The Nature of Our Theological Task
Our theological task is both critical and constructive. It is critical in that we test various expressions of faith by asking: Are they true? Appropriate? Clear? Cogent? Credible? Are they based on love? Do they provide the Church and its members with a witness that is faithful to the gospel as reflected in our living heritage and that is authentic and convincing in the light of human experience and the present state of human knowledge?
Our theological task is constructive in that every generation must appropriate creatively the wisdom of the past and seek God in their midst in order to think afresh about God, revelation, sin, redemption, worship, the church, freedom, justice, moral responsibility, and other significant theological concerns. Our summons is to understand and receive the gospel promises in our troubled and uncertain times.Our theological task is both individual and communal. It is a feature in the ministry of individual Christians. It requires the participation of all who are in our Church, lay and ordained, because the mission of the Church is to be carried out by everyone who is called to discipleship. To be persons of faith is to hunger to understand the truth given to us in Jesus Christ.
Theological inquiry is by no means a casual undertaking. It requires sustained disciplines of study, reflection, and prayer.
Yet the discernment of "plain truth for plain people" is not limited to theological specialists. Scholars have their role to play in assisting the people of God to fulfill this calling, but all Christians are called to theological reflection.
Our theological task is communal. It unfolds in conversations open to the experiences, insights, and traditions of all constituencies that make up United Methodism.
This dialogue belongs to the life of every congregation. It is fostered by laity and clergy, by the bishops, by the boards, agencies, and theological schools of the Church.
Conferences speak and act for United Methodists in their official decisions at appropriate levels. Our conciliar and representative forms of decision-making do not release United Methodists as individuals from the responsibility to develop sound theological judgment.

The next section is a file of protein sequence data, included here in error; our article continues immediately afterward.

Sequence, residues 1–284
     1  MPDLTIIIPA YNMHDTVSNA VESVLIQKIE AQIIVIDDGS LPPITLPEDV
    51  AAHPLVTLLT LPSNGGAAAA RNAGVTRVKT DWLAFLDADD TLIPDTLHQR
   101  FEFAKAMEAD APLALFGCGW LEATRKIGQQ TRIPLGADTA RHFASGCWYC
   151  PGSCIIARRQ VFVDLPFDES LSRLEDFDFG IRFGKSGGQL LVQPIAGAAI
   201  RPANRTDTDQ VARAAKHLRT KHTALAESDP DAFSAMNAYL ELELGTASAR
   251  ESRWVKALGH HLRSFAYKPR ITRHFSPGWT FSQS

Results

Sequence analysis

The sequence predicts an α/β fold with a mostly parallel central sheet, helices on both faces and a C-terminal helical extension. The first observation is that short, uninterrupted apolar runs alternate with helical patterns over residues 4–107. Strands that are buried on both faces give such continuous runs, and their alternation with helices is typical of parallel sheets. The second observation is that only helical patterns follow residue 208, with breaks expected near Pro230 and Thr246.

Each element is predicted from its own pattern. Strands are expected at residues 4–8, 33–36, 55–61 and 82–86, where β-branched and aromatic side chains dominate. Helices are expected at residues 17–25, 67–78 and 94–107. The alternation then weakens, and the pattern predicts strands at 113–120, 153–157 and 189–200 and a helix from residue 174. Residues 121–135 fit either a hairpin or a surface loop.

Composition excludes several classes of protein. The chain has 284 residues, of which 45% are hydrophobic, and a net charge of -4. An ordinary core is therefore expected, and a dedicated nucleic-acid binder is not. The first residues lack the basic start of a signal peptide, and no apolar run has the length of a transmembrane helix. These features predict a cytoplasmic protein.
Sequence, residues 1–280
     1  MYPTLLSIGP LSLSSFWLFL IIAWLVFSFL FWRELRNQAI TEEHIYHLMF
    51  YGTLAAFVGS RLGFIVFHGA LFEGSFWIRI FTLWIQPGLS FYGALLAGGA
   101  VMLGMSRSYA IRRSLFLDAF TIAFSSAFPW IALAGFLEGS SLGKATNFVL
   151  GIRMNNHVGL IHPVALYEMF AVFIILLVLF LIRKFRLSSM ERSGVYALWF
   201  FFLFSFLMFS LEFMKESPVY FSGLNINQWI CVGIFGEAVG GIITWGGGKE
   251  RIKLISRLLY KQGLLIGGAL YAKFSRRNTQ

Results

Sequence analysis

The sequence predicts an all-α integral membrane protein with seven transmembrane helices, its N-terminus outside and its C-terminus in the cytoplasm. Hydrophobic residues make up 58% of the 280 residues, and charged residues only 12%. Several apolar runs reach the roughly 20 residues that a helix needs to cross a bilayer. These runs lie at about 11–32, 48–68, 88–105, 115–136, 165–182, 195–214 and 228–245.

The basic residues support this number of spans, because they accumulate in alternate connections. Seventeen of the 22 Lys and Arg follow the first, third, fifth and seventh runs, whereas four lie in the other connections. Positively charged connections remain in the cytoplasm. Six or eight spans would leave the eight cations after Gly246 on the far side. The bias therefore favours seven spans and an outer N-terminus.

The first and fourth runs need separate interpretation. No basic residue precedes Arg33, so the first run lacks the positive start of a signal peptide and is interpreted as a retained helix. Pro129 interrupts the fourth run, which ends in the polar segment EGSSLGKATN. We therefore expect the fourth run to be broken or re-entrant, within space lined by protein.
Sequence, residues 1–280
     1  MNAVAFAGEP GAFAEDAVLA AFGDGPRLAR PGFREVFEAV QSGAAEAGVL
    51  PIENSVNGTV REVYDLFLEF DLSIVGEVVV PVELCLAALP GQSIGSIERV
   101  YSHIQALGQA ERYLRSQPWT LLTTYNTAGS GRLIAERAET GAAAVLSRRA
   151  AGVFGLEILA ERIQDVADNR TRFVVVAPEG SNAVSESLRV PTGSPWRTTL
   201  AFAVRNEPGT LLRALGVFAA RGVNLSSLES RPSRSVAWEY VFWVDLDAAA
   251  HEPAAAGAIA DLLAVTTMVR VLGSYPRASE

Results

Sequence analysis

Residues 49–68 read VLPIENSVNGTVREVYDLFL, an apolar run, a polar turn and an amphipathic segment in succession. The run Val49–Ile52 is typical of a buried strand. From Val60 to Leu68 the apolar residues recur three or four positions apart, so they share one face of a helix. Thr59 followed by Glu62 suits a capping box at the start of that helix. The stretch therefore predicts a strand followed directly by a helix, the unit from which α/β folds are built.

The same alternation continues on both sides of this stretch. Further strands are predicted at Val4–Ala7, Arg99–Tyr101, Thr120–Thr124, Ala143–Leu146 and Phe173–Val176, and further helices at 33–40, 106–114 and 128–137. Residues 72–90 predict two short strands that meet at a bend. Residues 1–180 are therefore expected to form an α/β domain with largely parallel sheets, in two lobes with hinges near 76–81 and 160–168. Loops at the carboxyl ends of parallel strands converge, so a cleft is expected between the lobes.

Our theological task is contextual and incarnational. It is grounded upon God's supreme mode of self-revelation-the incarnation in Jesus Christ. God's eternal Word comes to us in flesh and blood in a given time and place, and in full identification with humanity. Therefore, theological reflection is energized by our incarnational involvement in the daily life of the Church and the world, as we participate in God's liberating and saving action.
Our theological task is essentially practical. It informs the individual's daily decisions and serves the Church's life and work. While highly theoretical constructions of Christian thought make important contributions to theological understanding, we finally measure the truth of such statements in relation to their practical significance. Our interest is to incorporate the promises and demands of the gospel into our daily lives.
Theological inquiry can clarify our thinking about what we are to say and do. It presses us to pay attention to the world around us.
Realities of intense human suffering, threats to the survival of life, and challenges to human dignity confront us afresh with fundamental theological issues: the nature and purposes of God, the relations of human beings to one another, the nature of human freedom and responsibility, and the care and proper use of all creation.
From The Book of Discipline of The United Methodist Church- 2012. Copyright 2012 by The United Methodist Publishing House. Used by permission.